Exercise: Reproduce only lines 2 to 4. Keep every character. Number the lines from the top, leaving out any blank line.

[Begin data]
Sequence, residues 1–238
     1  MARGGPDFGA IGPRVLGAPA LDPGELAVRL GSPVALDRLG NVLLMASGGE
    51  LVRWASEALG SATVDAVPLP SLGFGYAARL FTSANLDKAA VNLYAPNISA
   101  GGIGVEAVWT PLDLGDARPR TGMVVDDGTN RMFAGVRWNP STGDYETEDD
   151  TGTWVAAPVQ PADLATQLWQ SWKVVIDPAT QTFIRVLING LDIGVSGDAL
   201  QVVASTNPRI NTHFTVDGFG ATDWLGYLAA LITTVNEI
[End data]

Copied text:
     1  MARGGPDFGA IGPRVLGAPA LDPGELAVRL GSPVALDRLG NVLLMASGGE
    51  LVRWASEALG SATVDAVPLP SLGFGYAARL FTSANLDKAA VNLYAPNISA
   101  GGIGVEAVWT PLDLGDARPR TGMVVDDGTN RMFAGVRWNP STGDYETEDD